I received this at no cost from the publisher, Hachette. It’s out now; RRP $32.99.
Firstly, this is number 9 in the Rivers of London series, so do not pick it up if you haven’t read the rest. You’d be able to follow the basic plot – provided you’re ok with the idea of London police needing to deal with weird bollocks (that is, magic); but the relationships will make no sense to you and the references to past problems won’t have any impact. Also, it’s an enormously fun series (with, sadly, some thick-headed and annoying misogyny in the early books from the main character) so if you ARE fine with modern London policing engaging in magic and dealing with criminal practitioners, just start from the start.
And if you’re already on the Rivers of London train, you really don’t need me to write this review because you’re already going to be reading it whenever it comes in at the library / your preorder arrives / you nick it from your mum. So if the purpose of the review was to convince people to read this particular book… there’s really no point.
Not my main reason!
I have enormously enjoyed the development of Peter Grant over these books – I was very dubious about him as the POV when I first started, because he was just a bit … painful. Young? Smug? At any rate, not a character I could particularly connect with. But the world Aaronovitch presented – a very modern one, but where magic fries electronic circuits; his boss Nightingale, whom I always found intriguing; and the magical cases themselves – all convinced me to keep going. And Peter has indeed grown up, due to circumstances and Beverley, and has become much less annoying and more like a decent bloke and a generally good copper. So that’s been worthwhile. The cases keep being interesting – and what I like there is that Aaronovitch doesn’t feel like he has to keep uping the ante; it’s not like one book we’re blowing up a building then the city then the world. Because magic can help you do a vast assortment of nefarious things so you can just have varied crime, rather than ratcheting up.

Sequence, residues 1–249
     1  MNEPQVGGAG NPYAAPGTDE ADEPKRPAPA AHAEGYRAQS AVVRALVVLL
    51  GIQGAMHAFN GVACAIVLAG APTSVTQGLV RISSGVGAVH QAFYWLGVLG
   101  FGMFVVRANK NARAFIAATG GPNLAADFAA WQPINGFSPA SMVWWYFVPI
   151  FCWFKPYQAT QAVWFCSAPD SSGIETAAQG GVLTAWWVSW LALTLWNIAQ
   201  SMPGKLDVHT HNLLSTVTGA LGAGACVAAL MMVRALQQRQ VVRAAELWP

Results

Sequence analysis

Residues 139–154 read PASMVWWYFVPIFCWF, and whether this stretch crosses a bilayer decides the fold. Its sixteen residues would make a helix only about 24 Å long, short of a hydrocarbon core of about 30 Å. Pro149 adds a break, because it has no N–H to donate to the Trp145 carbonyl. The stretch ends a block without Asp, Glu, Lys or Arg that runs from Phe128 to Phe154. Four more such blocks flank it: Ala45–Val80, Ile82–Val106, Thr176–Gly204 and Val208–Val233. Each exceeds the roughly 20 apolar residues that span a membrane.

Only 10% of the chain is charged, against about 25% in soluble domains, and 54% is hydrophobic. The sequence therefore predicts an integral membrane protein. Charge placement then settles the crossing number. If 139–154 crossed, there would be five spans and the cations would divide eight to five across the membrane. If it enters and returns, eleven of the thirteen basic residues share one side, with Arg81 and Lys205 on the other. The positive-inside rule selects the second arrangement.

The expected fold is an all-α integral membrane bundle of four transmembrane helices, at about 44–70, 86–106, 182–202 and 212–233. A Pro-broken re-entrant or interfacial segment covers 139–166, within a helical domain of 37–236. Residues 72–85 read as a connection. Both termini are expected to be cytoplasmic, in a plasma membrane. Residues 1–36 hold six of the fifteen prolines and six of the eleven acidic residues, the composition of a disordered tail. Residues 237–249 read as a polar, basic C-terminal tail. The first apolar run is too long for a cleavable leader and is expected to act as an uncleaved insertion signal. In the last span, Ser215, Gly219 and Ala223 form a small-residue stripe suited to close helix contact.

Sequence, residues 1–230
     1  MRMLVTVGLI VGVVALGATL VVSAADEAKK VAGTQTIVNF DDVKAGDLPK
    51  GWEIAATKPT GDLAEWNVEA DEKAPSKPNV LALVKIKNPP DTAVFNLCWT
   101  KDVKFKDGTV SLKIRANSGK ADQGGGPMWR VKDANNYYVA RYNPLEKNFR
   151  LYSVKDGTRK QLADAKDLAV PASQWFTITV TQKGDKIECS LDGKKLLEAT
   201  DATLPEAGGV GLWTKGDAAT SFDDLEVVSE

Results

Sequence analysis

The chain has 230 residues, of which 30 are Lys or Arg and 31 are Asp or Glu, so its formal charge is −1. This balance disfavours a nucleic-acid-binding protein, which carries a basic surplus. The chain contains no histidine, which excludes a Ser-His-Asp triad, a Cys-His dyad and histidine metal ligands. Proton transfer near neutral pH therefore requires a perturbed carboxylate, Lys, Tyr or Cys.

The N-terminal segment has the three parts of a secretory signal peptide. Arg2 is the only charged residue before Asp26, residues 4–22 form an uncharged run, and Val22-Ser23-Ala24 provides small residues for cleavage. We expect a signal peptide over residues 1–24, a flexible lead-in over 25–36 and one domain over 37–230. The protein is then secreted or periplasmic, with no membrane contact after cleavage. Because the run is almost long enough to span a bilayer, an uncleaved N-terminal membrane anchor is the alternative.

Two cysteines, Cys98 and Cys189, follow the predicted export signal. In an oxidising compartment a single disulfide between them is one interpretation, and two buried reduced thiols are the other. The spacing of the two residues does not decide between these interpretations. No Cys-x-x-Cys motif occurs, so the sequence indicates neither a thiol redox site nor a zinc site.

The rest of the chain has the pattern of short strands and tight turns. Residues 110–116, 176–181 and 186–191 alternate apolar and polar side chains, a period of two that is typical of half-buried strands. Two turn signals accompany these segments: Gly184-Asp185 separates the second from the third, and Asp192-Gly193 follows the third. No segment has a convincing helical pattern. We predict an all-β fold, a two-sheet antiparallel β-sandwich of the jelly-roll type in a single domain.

Here, Aaronovitch takes the opportunity to make some Lord of the Rings jokes, with a bunch of people connected through university and each in possession of odd rings being targeted by a peculiar and rather terrifying person. There’s the usual work with Guleed, more Seawoll than usual, and trainee Danni – plus, of course, Nightingale. (I would love a bunch of Nightingale prequels…) Not so much Mary or Foxglove, but more foxes; plus, Beverley is very nearly at term, so there’s paternity leave to be considering, too. It’s a standard Rivers of London, which is in no way a slight! It’s exactly what I was hoping for: a bit ridiculous, some very clever connections, an enormous fondness for London as a city, lots of banter and precisely paced – brisk, but not whirlwind. I’ll happily keep reading these for as long as this standard endures.